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Foreign residents left out of digital-oriented banking service


gettyimagesbank
gettyimagesbank

By Lee Kyung-min

Foreign residents are being left out of enhanced digital services, indicating Korea's much-touted digitization drive has yet to fully include a demographic which has been increasing in size and relevance in the country over the past few years.

"I'm having a hard time understanding why expats should go to a bank in person to open an account, when Koreans can do it through the simple click of a button on a mobile app," said a woman from overseas in her 20s who declined to be identified. She teaches English at a private cram school here.

This is an experience shared by many foreign nationals living in Korea. It occurs due to the lack of a real-time identification verification system, an integrated system among government ministries and agencies put in place for Koreans to help speed up administrative processes that involve financial transactions or the handling of personal data.

The Financial Services Commission (FSC) revised a related rule in late 2019 to allow foreigners to open a bank account online using an alien registration card, the Korean equivalent of a resident registration card.

But full implementation of the rule is unlikely to occur any time soon because necessary follow-up measures are not being carried out. Related ministries have yet to reach an agreement on the details of how to verify the identity of foreign residents online.

"Koreans can have their identity verified by a real-time verification service managed by the Ministry of Interior and Safety among others, but that process does not extend to foreign nationals," an official from a local bank said.

"Unless the process is updated to include foreign customers ― such as allowing a passport as a valid form of identification ― in-person visits will be needed for them to open a bank account," he said.

Meanwhile, calls for greater consumer services for foreign residents are coming amid an increase in loan applications, mostly from young people in their 20s and 30s seeking credit (non-secured) loans averaging 60 million won ($55,000).

According to a report by the Korea Credit Information Services (KCIS), the number of foreign borrowers living in Korea was 99,787 and they had a combined outstanding balance of 5.97 trillion won as of June 2020.

The number of foreign borrowers grew 26 percent on average between 2016 and 2019, with the annual growth rate of their loan balances averaging 9.6 percent.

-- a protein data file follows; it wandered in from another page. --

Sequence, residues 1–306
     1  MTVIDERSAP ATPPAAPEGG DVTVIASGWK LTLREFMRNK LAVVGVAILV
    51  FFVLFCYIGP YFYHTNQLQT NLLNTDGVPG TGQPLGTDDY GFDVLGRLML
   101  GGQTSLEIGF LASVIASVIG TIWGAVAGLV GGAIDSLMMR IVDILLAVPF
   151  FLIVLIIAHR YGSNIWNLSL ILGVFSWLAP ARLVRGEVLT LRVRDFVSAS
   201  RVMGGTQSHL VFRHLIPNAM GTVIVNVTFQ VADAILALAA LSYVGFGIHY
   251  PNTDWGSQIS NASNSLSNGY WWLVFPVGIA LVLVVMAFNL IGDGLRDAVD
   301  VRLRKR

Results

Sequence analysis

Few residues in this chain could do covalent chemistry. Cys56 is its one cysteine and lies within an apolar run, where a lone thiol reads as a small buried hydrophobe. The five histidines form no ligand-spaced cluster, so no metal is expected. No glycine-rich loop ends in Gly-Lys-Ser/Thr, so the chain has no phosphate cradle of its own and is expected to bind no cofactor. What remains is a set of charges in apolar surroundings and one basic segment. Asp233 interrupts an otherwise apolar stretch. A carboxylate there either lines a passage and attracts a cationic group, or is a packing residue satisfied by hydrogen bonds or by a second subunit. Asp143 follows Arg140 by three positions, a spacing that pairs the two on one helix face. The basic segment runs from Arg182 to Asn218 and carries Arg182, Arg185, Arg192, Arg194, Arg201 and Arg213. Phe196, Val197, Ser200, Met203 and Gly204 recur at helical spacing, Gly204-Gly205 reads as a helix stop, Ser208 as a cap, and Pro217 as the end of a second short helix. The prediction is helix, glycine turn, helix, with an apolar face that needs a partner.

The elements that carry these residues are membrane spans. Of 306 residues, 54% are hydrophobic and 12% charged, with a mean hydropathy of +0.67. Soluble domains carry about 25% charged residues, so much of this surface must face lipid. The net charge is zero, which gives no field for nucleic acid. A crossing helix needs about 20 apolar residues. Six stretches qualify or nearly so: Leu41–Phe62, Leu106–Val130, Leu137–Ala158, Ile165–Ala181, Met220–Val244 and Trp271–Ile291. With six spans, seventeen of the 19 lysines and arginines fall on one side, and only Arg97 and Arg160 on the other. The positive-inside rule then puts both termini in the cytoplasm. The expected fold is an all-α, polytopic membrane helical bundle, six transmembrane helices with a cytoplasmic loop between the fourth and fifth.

This is much higher than the 1.6 percent growth in the number of total borrowers and 5.3 percent growth in their loan balance.

The foreign loan market has grown and is expected to grow further, the report said, due to the expansion of tailored financial services for foreign residents amid local lenders' collective efforts to identify new customer bases, as illustrated by the expansion of services provided in multiple languages.



gettyimagesbank
gettyimagesbank

By Lee Kyung-min

Foreign residents are being left out of enhanced digital services, indicating Korea's much-touted digitization drive has yet to fully include a demographic which has been increasing in size and relevance in the country over the past few years.

"I'm having a hard time understanding why expats should go to a bank in person to open an account, when Koreans can do it through the simple click of a button on a mobile app," said a woman from overseas in her 20s who declined to be identified. She teaches English at a private cram school here.

This is an experience shared by many foreign nationals living in Korea. It occurs due to the lack of a real-time identification verification system, an integrated system among government ministries and agencies put in place for Koreans to help speed up administrative processes that involve financial transactions or the handling of personal data.

The Financial Services Commission (FSC) revised a related rule in late 2019 to allow foreigners to open a bank account online using an alien registration card, the Korean equivalent of a resident registration card.

But full implementation of the rule is unlikely to occur any time soon because necessary follow-up measures are not being carried out. Related ministries have yet to reach an agreement on the details of how to verify the identity of foreign residents online.

"Koreans can have their identity verified by a real-time verification service managed by the Ministry of Interior and Safety among others, but that process does not extend to foreign nationals," an official from a local bank said.

"Unless the process is updated to include foreign customers ― such as allowing a passport as a valid form of identification ― in-person visits will be needed for them to open a bank account," he said.

Meanwhile, calls for greater consumer services for foreign residents are coming amid an increase in loan applications, mostly from young people in their 20s and 30s seeking credit (non-secured) loans averaging 60 million won ($55,000).

According to a report by the Korea Credit Information Services (KCIS), the number of foreign borrowers living in Korea was 99,787 and they had a combined outstanding balance of 5.97 trillion won as of June 2020.

The number of foreign borrowers grew 26 percent on average between 2016 and 2019, with the annual growth rate of their loan balances averaging 9.6 percent.

This is much higher than the 1.6 percent growth in the number of total borrowers and 5.3 percent growth in their loan balance.

The foreign loan market has grown and is expected to grow further, the report said, due to the expansion of tailored financial services for foreign residents amid local lenders' collective efforts to identify new customer bases, as illustrated by the expansion of services provided in multiple languages.


Lee Kyung-min lkm@koreatimes.co.kr


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